An English In Kentucky


















Wednesday January 1st 2014  Tim Candler


      A time comes when you can't remember things.  So when looking into the past, mirrors cloud, and not much can be relied upon.  My own view is that such mistiness should not interfere with the inventions of memory, and here I'd like to try to recall the first time I heard the phrase "very intelligent."  Nor, and on this you can trust me, was this a phrase directed at me. I can distinctly remember thinking, "What's that got to do with anything!"  And because the "he" who was "very intelligent" sat smug as a snail, yet totally without the charm of eye stalks, I chose to devolve into what I will call "Rampant Nescience," a deliberate unchecked ignorance.  You can call it an antagonistic reaction, if you wish to, but I'd rather think of it as a reaction to "not knowing the Latin for table."  An entirely limbic response in me, because I could feel the flow of emotion, hunting down solace.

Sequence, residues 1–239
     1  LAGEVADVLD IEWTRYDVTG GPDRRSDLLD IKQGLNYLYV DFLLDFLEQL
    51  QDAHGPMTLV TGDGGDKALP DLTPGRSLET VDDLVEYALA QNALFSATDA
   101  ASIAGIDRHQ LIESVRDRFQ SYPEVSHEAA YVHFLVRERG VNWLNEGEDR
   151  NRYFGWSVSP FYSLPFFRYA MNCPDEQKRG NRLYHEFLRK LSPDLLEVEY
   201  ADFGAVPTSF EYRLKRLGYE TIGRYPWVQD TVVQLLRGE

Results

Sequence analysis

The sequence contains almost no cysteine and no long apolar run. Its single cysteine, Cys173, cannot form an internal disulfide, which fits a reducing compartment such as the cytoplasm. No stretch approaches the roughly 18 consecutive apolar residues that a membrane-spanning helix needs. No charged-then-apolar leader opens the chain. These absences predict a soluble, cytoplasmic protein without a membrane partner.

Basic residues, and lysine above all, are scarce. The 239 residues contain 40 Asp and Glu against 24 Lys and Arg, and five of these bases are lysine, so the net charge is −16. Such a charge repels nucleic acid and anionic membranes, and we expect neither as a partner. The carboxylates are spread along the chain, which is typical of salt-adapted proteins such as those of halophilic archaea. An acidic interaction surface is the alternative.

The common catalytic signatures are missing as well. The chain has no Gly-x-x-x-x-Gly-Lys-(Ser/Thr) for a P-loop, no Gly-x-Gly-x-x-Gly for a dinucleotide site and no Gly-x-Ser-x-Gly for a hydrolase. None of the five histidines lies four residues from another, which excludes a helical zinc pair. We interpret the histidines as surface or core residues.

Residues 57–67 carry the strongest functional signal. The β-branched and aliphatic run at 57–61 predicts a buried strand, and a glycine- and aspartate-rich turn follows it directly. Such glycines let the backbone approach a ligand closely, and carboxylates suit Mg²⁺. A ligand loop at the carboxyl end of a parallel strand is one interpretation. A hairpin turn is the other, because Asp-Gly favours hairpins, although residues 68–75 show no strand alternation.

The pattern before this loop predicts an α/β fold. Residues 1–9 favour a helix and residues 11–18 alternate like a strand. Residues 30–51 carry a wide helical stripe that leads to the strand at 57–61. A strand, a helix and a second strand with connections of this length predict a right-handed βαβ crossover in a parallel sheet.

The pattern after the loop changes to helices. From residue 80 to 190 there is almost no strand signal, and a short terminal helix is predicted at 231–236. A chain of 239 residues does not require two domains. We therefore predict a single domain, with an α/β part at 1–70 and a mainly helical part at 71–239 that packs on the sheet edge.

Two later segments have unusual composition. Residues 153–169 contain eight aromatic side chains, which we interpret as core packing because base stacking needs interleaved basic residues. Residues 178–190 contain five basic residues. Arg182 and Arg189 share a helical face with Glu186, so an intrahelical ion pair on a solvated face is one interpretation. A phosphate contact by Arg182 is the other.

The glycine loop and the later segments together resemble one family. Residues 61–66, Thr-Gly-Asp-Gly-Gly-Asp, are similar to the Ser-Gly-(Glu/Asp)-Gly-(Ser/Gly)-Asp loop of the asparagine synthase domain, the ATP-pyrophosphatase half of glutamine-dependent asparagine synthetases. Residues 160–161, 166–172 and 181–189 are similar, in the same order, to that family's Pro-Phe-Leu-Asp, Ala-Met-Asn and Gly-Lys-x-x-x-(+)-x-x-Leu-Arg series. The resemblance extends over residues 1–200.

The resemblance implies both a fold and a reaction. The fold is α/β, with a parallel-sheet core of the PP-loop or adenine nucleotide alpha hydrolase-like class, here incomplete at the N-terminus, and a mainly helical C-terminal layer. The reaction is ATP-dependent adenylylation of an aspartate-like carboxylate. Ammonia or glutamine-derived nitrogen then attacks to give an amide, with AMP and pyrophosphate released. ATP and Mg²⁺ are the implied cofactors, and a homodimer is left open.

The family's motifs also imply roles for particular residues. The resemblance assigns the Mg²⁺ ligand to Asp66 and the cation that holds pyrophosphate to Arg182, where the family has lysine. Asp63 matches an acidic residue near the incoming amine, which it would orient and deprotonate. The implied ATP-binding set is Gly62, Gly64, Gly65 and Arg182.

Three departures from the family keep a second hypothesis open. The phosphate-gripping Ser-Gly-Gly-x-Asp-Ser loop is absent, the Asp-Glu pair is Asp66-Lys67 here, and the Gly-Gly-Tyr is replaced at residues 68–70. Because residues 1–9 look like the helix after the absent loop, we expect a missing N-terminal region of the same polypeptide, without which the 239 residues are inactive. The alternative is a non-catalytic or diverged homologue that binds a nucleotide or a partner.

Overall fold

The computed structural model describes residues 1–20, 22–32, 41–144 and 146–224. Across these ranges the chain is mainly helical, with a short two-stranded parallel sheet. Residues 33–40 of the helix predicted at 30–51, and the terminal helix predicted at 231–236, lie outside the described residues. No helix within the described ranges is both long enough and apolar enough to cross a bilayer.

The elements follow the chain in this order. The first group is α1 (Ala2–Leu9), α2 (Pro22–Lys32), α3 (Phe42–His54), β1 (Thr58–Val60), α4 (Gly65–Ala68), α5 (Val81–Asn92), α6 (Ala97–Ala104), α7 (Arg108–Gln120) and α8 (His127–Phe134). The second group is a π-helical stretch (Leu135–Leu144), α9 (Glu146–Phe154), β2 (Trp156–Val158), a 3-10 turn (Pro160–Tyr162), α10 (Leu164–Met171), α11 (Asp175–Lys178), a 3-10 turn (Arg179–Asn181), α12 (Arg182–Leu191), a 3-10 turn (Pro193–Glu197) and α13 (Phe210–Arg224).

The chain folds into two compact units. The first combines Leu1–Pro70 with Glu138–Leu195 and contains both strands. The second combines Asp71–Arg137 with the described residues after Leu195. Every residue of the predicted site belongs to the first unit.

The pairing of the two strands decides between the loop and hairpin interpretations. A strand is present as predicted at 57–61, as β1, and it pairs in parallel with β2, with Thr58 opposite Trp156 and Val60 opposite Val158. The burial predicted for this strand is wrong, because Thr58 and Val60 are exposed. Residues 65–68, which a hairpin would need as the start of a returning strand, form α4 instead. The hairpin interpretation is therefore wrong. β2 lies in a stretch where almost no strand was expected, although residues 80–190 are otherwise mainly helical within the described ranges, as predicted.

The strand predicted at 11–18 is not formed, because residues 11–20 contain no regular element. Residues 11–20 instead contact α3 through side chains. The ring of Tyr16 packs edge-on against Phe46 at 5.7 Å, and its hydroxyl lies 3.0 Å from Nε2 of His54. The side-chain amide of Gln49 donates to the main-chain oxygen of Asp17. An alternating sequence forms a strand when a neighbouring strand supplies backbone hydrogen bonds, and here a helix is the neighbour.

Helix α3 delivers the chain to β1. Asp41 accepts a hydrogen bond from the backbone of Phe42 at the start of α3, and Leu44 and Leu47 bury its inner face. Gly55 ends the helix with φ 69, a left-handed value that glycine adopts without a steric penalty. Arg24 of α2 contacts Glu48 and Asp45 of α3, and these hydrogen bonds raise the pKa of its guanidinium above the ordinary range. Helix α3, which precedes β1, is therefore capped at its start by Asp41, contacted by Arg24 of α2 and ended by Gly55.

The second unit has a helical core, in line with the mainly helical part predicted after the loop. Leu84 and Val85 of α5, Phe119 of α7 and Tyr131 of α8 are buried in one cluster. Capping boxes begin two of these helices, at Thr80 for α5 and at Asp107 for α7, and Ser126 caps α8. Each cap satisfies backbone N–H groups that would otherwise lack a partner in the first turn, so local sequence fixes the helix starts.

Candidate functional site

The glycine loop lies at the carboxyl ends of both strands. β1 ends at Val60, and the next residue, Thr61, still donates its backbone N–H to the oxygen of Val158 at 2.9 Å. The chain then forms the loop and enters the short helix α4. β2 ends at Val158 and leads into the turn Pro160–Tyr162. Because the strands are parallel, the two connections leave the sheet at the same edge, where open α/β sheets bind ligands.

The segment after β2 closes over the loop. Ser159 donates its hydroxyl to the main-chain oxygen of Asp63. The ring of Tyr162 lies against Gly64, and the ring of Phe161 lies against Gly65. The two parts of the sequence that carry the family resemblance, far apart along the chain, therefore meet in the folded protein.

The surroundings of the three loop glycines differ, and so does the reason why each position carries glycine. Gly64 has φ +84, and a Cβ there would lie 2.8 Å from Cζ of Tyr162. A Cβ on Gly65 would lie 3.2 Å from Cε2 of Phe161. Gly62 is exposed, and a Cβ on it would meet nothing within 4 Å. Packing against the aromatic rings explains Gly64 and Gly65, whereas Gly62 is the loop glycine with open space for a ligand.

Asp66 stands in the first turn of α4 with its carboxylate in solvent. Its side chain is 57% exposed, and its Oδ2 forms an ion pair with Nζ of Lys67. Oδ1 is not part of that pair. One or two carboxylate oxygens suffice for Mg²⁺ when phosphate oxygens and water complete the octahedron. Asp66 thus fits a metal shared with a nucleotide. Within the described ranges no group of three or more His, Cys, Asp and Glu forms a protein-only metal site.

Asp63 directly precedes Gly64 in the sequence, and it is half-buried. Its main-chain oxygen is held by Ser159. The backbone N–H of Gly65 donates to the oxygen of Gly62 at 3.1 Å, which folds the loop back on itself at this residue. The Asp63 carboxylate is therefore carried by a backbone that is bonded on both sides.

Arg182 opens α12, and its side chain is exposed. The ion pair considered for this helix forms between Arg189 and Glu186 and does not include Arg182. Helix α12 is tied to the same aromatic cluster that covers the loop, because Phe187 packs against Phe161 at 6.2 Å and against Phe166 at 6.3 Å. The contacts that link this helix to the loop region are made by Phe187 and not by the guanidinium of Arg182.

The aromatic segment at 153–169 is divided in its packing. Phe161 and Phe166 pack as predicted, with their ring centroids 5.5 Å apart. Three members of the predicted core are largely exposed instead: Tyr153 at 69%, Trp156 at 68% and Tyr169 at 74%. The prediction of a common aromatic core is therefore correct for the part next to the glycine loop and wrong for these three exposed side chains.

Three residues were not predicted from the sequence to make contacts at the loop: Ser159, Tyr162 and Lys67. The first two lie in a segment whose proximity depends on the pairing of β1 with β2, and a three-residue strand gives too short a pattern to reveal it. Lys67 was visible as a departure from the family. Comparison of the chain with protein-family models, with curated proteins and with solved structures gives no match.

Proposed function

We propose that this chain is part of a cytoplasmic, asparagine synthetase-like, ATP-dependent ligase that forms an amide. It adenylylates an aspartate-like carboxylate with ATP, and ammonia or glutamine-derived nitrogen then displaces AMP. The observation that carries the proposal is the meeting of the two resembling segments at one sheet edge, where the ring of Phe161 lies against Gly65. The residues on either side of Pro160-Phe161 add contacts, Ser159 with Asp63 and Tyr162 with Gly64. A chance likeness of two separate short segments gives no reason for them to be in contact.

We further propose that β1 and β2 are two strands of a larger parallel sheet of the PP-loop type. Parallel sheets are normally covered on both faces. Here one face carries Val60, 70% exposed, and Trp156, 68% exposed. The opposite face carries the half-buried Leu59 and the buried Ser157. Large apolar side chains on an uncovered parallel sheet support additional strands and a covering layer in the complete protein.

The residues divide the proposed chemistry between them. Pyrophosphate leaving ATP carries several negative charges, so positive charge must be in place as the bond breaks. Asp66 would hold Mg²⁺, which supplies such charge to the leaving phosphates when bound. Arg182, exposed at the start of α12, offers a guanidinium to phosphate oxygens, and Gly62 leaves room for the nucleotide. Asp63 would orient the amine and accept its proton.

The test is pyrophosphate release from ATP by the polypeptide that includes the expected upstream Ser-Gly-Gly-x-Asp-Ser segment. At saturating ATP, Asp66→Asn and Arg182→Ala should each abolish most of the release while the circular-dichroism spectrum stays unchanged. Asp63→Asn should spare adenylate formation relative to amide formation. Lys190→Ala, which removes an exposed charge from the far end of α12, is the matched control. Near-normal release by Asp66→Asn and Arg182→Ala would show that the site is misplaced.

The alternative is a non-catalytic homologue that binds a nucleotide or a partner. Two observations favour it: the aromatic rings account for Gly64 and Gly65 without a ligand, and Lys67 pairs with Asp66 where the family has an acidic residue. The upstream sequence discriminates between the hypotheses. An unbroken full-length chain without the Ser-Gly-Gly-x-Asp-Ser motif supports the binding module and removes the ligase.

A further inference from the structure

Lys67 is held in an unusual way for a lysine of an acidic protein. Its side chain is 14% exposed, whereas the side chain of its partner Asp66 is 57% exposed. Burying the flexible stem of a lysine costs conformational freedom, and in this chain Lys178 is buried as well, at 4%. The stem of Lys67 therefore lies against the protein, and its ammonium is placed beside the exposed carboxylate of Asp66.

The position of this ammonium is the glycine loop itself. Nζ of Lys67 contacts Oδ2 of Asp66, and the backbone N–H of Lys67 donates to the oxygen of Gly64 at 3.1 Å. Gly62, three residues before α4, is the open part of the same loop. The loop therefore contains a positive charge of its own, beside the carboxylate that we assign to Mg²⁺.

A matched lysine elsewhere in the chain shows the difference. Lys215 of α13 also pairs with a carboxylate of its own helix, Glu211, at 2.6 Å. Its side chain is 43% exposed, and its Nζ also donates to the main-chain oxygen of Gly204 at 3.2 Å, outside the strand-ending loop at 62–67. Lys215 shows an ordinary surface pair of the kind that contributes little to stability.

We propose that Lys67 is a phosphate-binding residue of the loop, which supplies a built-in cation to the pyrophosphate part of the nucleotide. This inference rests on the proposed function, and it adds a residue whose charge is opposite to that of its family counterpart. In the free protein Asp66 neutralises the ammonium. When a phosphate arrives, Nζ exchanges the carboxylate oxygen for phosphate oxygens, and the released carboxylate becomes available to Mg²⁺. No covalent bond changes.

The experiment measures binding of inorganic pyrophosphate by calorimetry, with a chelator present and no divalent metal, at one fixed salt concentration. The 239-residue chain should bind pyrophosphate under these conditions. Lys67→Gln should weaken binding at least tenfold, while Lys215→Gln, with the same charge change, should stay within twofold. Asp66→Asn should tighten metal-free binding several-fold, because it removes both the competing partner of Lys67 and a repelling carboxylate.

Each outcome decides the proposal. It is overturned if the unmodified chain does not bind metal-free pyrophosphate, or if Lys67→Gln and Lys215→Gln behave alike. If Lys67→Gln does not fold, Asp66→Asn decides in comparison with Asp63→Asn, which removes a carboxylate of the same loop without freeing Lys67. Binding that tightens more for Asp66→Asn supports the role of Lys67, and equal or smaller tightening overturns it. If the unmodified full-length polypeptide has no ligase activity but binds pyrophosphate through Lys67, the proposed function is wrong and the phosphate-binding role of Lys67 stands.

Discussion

Older now, I understand that past moment as an attempt to train me, form my young mind, make me useful.  Think of it as "patriot" if you wish to, a dialectic, a give and take in the great unknown. And all very sensible had I chosen obedience. "Once more over the hill, my friends."  And we all know what doing the same thing over and over again is symptomatic of.  But quite clearly rampant nescience still runs true in me, because recently I have decided that I am more like plant than like a person.  So join me on a truly frigid first day of a new year, as we revel in the brilliant expression "The Fetishization of Neurons."  Not my phrase, it belongs to Stefano Mancuso. And because I cannot insult him with "very intelligent," I think when the weather improves, my better tribute, is to dig a small temple to him. Over there, just beyond Saint Teresa of Avila.


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